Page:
William S. Hart Union High School District officials announced Wednesday that they had reached a settlement with several former students who had been sexually assaulted by a former basketball coach.
The $4 million settlement — of which the Hart District will pay out $1 million — stems from several former Hart district students coming forward with allegations that their basketball coach, Jeremy Haggerty, had sexually assault them as far back as 2008.
Haggerty was arrested in 2018 after being accused of sexually assaulting nine victims, whose ages ranged between 14 and 17 years old, over the course of a decade. In July 2019 ,Haggerty was sentenced to serve nine years in prison after pleading no contest to six counts of a lewd act upon a child and three counts of sexual battery, all felonies.
Within a roughly a year of his plea, three of Haggerty’s victims opened a civil suit against him and his former employer, the Hart district, alleging they had suffered personal injuries and damages due to their childhood sexual abuse at the hands of their ex-coach.
In a statement released soon after Hart board President Joe Messina announced the board’s 5-0 vote to settle the three students’ case during a closed session meeting Wednesday night, district officials said they hope the resolution brings relief to the former students.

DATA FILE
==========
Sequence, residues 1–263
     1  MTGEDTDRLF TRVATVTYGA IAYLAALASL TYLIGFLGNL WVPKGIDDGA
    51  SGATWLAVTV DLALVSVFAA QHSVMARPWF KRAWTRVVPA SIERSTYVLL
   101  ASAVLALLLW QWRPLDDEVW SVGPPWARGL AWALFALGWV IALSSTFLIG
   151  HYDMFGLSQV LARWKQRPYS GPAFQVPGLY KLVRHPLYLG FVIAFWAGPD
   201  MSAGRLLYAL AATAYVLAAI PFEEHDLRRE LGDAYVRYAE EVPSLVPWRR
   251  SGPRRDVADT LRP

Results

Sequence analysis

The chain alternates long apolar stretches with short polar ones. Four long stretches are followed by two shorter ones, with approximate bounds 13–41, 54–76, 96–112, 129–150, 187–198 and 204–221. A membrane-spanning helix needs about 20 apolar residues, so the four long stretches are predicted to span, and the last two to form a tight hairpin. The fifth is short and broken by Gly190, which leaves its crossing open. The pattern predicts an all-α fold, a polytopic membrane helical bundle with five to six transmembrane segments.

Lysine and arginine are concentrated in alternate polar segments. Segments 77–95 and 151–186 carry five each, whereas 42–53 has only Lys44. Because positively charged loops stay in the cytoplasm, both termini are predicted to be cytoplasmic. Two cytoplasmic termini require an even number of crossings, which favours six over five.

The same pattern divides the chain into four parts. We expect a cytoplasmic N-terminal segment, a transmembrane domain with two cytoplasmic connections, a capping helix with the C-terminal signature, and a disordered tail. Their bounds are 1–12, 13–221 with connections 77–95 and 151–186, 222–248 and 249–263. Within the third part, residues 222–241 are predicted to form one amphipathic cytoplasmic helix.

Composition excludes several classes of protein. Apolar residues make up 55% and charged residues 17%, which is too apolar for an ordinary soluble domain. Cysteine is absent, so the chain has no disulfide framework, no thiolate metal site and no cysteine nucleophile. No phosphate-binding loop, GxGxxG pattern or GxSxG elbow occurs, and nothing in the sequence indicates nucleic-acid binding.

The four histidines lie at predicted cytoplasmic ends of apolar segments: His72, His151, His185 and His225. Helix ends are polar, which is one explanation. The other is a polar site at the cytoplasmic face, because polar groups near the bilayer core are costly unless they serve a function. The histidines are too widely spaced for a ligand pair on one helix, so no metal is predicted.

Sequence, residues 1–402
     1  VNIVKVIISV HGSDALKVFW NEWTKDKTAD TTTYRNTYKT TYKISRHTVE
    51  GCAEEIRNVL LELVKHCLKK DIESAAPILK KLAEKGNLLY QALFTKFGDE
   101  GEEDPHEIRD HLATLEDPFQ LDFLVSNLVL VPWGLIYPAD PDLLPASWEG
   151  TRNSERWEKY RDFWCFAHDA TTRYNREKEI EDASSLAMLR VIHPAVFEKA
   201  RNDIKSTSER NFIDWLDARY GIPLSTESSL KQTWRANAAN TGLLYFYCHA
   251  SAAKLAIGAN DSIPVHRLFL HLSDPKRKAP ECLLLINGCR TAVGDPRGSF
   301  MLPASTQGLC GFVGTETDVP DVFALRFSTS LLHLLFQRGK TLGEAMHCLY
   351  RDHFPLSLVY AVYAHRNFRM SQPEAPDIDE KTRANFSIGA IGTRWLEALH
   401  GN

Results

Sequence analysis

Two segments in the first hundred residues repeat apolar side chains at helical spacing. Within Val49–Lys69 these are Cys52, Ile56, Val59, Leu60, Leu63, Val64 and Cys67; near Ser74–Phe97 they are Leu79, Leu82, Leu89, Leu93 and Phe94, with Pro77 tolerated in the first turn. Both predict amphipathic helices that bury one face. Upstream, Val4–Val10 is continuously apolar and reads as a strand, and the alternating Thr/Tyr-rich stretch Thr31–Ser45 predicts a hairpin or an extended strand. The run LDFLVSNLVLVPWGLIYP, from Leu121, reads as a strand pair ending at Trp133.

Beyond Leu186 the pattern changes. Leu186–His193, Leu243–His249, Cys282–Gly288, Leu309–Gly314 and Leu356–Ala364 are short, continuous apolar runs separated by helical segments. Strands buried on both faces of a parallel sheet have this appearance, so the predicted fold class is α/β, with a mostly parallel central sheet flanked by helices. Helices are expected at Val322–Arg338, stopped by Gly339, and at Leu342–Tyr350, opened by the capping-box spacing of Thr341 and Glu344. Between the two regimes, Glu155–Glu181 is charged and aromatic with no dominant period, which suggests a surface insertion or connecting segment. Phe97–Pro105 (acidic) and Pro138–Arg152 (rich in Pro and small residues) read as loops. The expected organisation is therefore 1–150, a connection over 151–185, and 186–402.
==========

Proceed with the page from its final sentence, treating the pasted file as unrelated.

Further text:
“While the individual has not worked for the district for some time and his admitted actions appear to have occurred approximately a decade ago, we hope these settlements bring our former students and their families some sense of peace in an undeniably painful situation,” read the statement. “Those entrusted to work with youth to build them academically, athletically and to invest in their character must be held to the highest standard of ethics and morality.
“The idea that an adult would shatter this trust is detestable beyond words,” district officials added.
Haggerty regularly had access to one-on-one time with all three defendants and was responsible for “wrapping” the athletes, when he would tape up ankles and other joints for support and treatment before a game or practice, according to their conjoined lawsuit.
Much of the grooming and attacks on the boys happened across multiple years within the Canyon High basketball program, the complaint stated. It adds that Haggerty also used “massages” as a way to attack the boys, touching their genitals and having sexually explicit conversations with them throughout.
“This (the wrapping would) most often occur in the coaches’ room, which was a separate room in the boys’ locker room,” read the complaint, which also adds that there was little supervision in the room and the door to the wrapping room was often closed. “On at least one occasion, (Haggerty) sexually assaulted (the victims) in the coaches’ room at Canyon High School, by touching his (genitals).”
The complaint held the district partly responsible for the three plaintiffs’ trauma and suffering, claiming that the school district and its employees were either negligent and/or complicit during Haggerty’s tenure as a coach.
“We want to assure our school community that we remain vigilant in our hiring practices and we will continue to support a climate where students are encouraged to speak up and staff is empowered to take action to ensure the safety and well-being of our students,” the statement read.